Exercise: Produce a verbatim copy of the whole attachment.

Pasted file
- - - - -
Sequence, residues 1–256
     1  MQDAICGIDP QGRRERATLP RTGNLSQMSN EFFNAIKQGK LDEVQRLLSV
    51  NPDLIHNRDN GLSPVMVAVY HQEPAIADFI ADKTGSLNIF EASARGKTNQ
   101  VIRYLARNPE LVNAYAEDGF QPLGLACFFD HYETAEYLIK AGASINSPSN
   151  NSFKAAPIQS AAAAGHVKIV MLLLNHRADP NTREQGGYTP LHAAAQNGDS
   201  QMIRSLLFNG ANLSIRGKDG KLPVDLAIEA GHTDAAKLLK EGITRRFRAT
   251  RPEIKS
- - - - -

Sequence, residues 1–256
     1  MQDAICGIDP QGRRERATLP RTGNLSQMSN EFFNAIKQGK LDEVQRLLSV
    51  NPDLIHNRDN GLSPVMVAVY HQEPAIADFI ADKTGSLNIF EASARGKTNQ
   101  VIRYLARNPE LVNAYAEDGF QPLGLACFFD HYETAEYLIK AGASINSPSN
   151  NSFKAAPIQS AAAAGHVKIV MLLLNHRADP NTREQGGYTP LHAAAQNGDS
   201  QMIRSLLFNG ANLSIRGKDG KLPVDLAIEA GHTDAAKLLK EGITRRFRAT
   251  RPEIKS